Also realise that it is waist gain you need to worry about, not weight gain. Many people obsess unnecessarily over weight gain and the scales. When you start to exercise, you may in fact be putting on muscle (which is great) and this will equate to the scales being heavier. Fat does not weigh as much as muscle, so sometimes you wont realise you have actually lost fat and gained muscle. This is why waist measurement, not weight measurement, is the most accurate way to measure proper fat lose and proper waist and weight management.

fat-versus-muscle-1

 

A kilo of fat, versus a kilo of muscle

 

 

At Shen Therapies we can help you with weight management and more importantly waist management. We have specially tailored fat loss and weight loss programs to help you burn fats, increase muscle and do weight loss the correct way.

If you want to get healthy, feel great and look great for summer and years to come, please give the clinic a call and book in for a consultation.

 

 

A Special Kind of Pill for Better Health and Increased Fertility

Chill PillSeveral weeks ago I mentioned that I was going to talk to you all about a special medicine and a special kind of pill, that can not only help you with gynaecological and other healthy issues, but it can also help with fertility and being able to fall pregnant. I was going to post this up straight away, but then I had to think more about it, because I know when you mention this subject, people can take a message with the intention of helping the wrong way.

So what is this special pill that I am talking about and not yet available on the market?

Well, it’s called a “Chill Pill” and many of us need to be taking it often, or learning to administer it often.

Now, before anyone gets all up in arms about this and what I am about to say, I need you to listen and take the personal out of this and just hear the reasons why. I have been on the other end of stress, where it almost killed me, literally and I know how it then affected my health and then exacerbated pre-existing health complaints I had. So I am coming from a place of understanding, but also a place of wanting to help people through my own experienced personally, but also what I see in clinical practice daily. I was one of those people who kept saying that weren’t stressed, or that I don’t feel stressed, yet all the while my body signs were saying something different. Like any change we need to make, the first part is admitting there may be something wrong in order to enact that change.

The sad fact is that 9 out of 10 people report being stressed and 41% of people feel they experience unhealthy levels of stress. Stress and the body’s response to it, can affect people in different ways. Small amounts of stress that are easily resolved can help to keep us motivated and achieve our goals. The difference with long term or chronic stress is that it can affect the whole body in a negative way. It is the long grade, low grade stress (or busyness) that often creeps up on us and causes issues. Many people do not even know they are stressed, or that stress is a big factor in their current health issues, because they are either so used to it, or their health issues takes over and they cannot even begin to see the correlation.

The harsh reality of many problems in life is that we are ultimately responsible for our own well-being. Not all people will want to accept this, as it is so much easier to blame someone or something else for our dilemmas.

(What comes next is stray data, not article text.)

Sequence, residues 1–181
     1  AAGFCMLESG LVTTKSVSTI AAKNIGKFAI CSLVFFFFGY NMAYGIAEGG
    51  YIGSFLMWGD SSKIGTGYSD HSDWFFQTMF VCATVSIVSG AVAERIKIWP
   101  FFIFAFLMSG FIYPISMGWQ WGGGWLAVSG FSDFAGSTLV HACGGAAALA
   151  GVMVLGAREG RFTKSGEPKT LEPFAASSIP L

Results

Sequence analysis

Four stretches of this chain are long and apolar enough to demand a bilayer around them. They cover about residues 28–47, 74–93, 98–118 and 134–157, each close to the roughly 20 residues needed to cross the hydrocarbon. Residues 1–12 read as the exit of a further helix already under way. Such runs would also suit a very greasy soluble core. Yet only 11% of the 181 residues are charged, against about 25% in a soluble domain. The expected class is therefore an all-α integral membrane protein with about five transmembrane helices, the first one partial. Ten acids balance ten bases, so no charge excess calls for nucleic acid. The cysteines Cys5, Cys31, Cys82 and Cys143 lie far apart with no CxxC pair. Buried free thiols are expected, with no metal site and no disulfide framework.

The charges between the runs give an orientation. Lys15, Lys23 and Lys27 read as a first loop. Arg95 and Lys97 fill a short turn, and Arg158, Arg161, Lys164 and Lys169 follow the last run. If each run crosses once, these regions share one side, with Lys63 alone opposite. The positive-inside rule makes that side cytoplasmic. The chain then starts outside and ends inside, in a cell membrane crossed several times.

Nearly every problem we experience in life may have an element of stress to it bought on by ourselves and our busy lives, with many of us not consciously knowing it is at play. That means everything from a common cold to a long-standing illness. Everyone reading this will be by now squirming in his or her seats as the harsh reality of such a statement hits home. But the real problem with this is that it is true. I know I had to face this reality with my own health issues. We do cause many of our own health problems, or exacerbate them, either consciously, or subconsciously.

The problem with any health matter is getting people to become responsible for their own self. So much illness is completely preventable if we would just take responsibility for our own actions. It is so much easier to blame someone, or something else with comments such as “ I have tried everything”, “That didn’t work for me”, or “I’ve been everywhere and nothing can help me”. The problem with many of these statements is that they are all just excuses not to take responsibility for our actions. Maybe it isn’t that the methods you are trying aren’t working. Maybe it is simply a matter of nothing will ever work unless we make that all important change for ourselves first. Sure, some disease states are hereditary, or someone have a predisposition for them, but even so, once the illness, or disease is expressed in the body, it is our responsibility to do what we can to control it. Yes, sometimes it doesn’t seem fair, I get that, but sometimes you just have to admit there is an issue that isn’t going away in a hurry, or keeps being flared up, because you need to make some changes in your life to better manage this issue. I know this is something I had to learn myself. Boy did I fight the reality of this in the beginning too.

Stress is also a major factor in many couples not being able to conceive. Stress affects cortisol levels and the adrenals and this then has an effect on testicular and ovarian function. Stress can affect both sperm and egg quality and high stress levels also affects our hormones and our immune system. Stress also has an effect on the uterine environment, which can affect implantation, affect circulation in the uterine lining, activate high number of natural killer cells and also increase the risk of miscarriage. High stress levels also exacerbate, or fuel many gynaecological and men’s reproductive health issues too.